School Anxiety

Spring brings more school time off with spring break and parent/teacher’s conferences. Having just come off the holiday school break, the longest one kids get until summer vacation, it may seem hard to maintain the momentum of daily school attendance for your child. As the holidays geared down and your child returned to school, you may have noticed that your child was avoiding school. It may be that this resistance to attending school showed up subtly such as your child complaining of not feeling well, having a stomachache or headache on a consistent basis, yet the ailments were not related to a serious physical illness. You may have fallen for it the first day and allowed your child to stay home that day and realized your child wasn’t that ill but the next morning it started all over again. Getting the child back to school may have begun to seem like a difficult task.

Worry and anxiety about starting back to school after a break, or anxiety when starting a new school, is normal for most children. However, if your child is dealing with persistent and excessive anxiety that is interfering with his/her emotional, physical and social development, your child may be dealing with an anxiety disorder.

Anxiety may show up as school refusal. Children refuse to go to school regularly or have problems staying in school. This may be seen in the child who complains about feeling sick on school days, asks to stay home from school with minor physical complaints, complains of physical symptoms shortly before it is time to leave for school, or frequently asks to visit the school nurse. If the child is allowed to stay home, the symptoms quickly disappear, only to show up again the next morning. Sometimes the child may refuse to leave the house or get into the car to be taken to school.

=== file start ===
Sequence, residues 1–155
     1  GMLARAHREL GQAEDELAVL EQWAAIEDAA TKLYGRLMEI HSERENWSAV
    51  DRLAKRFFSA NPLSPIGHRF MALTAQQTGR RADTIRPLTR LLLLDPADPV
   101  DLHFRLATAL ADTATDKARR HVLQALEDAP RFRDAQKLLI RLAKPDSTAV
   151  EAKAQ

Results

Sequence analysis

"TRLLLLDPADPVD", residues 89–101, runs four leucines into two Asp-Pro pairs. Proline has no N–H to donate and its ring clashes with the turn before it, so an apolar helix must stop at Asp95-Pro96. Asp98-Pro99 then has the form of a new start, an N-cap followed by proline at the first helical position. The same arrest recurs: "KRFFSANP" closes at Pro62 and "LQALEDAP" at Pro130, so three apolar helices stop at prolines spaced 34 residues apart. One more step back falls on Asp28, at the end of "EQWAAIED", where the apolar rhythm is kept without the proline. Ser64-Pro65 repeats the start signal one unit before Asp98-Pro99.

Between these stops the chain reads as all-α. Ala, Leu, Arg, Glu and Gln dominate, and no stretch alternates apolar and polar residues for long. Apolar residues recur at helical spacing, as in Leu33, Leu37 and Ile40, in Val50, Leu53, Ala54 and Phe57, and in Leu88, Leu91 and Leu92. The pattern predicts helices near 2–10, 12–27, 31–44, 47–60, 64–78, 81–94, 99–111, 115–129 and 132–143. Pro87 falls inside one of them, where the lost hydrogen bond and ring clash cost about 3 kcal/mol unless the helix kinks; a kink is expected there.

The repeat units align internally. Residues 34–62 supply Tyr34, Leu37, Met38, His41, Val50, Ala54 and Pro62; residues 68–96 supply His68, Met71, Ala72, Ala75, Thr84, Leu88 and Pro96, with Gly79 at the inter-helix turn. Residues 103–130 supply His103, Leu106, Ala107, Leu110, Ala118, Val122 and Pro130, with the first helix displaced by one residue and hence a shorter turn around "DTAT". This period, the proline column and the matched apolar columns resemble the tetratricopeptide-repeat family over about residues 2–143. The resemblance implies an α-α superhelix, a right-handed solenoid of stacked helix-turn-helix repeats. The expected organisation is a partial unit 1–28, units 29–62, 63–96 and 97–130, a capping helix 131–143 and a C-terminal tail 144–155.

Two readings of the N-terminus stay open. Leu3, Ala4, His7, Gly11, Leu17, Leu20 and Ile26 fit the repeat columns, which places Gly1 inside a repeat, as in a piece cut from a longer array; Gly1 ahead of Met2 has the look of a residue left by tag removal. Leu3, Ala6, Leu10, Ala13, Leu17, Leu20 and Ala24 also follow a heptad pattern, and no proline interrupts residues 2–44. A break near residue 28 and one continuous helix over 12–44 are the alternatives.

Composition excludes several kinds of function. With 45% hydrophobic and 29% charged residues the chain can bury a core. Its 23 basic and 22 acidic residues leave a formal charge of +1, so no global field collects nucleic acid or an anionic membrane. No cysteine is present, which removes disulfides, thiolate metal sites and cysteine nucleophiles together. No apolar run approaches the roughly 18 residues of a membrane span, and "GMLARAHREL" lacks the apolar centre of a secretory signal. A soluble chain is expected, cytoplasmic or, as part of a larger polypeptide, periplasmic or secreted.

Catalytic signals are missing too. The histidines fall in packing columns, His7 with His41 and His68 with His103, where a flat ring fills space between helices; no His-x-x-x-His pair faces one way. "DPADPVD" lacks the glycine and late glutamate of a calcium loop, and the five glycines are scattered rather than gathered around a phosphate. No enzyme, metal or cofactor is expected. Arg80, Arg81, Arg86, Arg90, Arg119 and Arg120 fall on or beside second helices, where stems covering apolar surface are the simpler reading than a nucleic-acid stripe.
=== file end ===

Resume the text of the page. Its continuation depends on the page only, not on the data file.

Some of the most common physical symptoms include headaches, stomachaches, nausea, or diarrhea. Or you may see tantrums, inflexibility, separation anxiety, avoidance, defiance and/or clinginess.

Studies have shown that anxiety disorders are some of the most common psychiatric conditions among children, with as many as 10% suffering from them and requiring medical treatment. Some studies indicate that this disorder is on the rise and starting as young as preschool age. (Kruger, 2003)

There are usually underlying reasons for school anxiety. The anxiety may be triggered with school starting, changing schools, or other stressful life events happening. The child may fear that something will happen to the parent after he is in school, or may feel as if he/she has to stay home to take care of a parent who is having a difficult time. (This is rarely obvious and often a surprise to the parent when revealed.) The fear could be a school-based fear that he/she will not do well in school or may be having peer difficulties or someone may be bullying your child. Often the school anxiety is about a deeper problem and needs to be explored and treated. School refusal affects two to five percent of school-age children. It often takes place between the ages of five and six, ten and eleven, and at times of transition such as entering middle and high school.

Parents need to pay attention and take action to help the child. Initial anxiety symptoms may be warded off with some guidance and intervention from the parents and the school. Some steps that you, as the parent, can implement include most importantly, keeping your child in school. If your child is allowed to stay home, this actually reinforces anxiety rather than helping it. Help your child develop coping skills for his/her school anxiety or stressful situations.